The DNS-327L may be the most stylish of our budget NAS enclosures, but its sleek, unobtrusive looks come at a cost. In theory, it should be easy to fit your hard disks – you detach the top lid, screw on two plastic handles and slide the drives into place. In practice, we found the drives hard to locate in their connectors without a good push, and it took us several attempts to get the D-Link up and running.
On the plus side, once you get it going, the DNS-327L is easy to set up, thanks to a wizard that asks basic questions, sets up the drives and checks which RAID configuration you’d prefer. Shared folders are mapped to a network drive, and it’s easy to get media-streaming services online. In fact, D-Link’s intuitive, browser-based control panel is one of the DNS-327L’s best features; even when a setting or option isn’t in the most logical place, you’ll find a hint to tell you where to go and what to do.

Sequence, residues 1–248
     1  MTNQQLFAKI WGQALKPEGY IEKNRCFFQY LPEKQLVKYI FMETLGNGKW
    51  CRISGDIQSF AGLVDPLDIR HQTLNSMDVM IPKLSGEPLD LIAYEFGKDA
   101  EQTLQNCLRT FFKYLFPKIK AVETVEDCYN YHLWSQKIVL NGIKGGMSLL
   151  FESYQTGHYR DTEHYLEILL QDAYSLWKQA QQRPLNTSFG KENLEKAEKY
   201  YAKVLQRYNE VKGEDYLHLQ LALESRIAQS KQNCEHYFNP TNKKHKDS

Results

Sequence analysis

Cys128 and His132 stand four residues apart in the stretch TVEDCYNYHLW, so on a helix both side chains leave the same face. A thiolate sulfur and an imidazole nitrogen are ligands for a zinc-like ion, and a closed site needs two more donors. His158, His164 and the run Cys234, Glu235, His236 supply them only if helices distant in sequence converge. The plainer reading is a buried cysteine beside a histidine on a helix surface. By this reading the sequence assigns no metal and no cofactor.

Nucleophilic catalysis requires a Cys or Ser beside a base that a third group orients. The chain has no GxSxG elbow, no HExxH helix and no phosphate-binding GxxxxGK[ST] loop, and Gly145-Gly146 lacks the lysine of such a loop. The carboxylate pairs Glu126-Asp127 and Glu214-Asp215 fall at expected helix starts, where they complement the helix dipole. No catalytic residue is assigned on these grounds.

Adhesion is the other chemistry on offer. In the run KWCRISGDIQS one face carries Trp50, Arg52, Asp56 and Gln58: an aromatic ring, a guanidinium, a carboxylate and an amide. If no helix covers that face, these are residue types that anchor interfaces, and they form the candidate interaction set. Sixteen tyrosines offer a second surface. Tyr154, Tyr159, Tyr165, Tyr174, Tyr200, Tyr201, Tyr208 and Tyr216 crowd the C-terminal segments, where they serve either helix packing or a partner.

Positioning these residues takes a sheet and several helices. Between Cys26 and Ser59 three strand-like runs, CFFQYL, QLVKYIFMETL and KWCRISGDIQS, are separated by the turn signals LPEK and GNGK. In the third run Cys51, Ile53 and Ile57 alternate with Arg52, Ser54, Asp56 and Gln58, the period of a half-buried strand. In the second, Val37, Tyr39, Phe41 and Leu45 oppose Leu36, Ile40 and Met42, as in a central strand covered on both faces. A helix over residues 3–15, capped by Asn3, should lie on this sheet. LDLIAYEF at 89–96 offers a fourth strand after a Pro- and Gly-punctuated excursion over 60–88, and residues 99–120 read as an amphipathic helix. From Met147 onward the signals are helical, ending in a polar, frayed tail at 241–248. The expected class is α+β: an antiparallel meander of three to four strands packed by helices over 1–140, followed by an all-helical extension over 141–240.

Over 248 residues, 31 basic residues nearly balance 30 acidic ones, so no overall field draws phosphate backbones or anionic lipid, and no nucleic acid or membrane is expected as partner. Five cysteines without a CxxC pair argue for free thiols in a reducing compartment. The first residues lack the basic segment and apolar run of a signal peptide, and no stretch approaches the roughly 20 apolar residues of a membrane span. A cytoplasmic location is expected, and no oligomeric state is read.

Setting up the device’s cloud services is equally straightforward. Register an account online at www.mydlink.com.au and the site will find and register your device – there’s no need to mess around with port forwarding. There are browser-based apps for browsing, uploading and downloading your files remotely, plus strong features for streaming music, photos and video, not to mention decent iOS and Android apps. If the DNS-327L also had Dropbox-like sync facilities, we’d be praising it as a great budget option for a personal cloud. Unfortunately, it doesn’t.
The DNS-327L has a specification similar to that of the Buffalo LinkStation 421DE, with a 1.2GHz ARM processor and 512MB of RAM (although it has only a single USB 3 port at the rear). Its write speeds and backup performance were superior to the Buffalo’s, but its read speeds were significantly slower. It must be said, however, that the D-Link feels nippier and more responsive when browsing and streaming.
The D-Link DNS-327L is easier to use than the LinkStation and has better cloud features, not to mention a good range of downloadable add-on modules. Both factors help to justify the higher price.
The D-Link DNS-327L is a flawed budget NAS with good cloud features, but no Dropbox-style synchronisation. Read the review.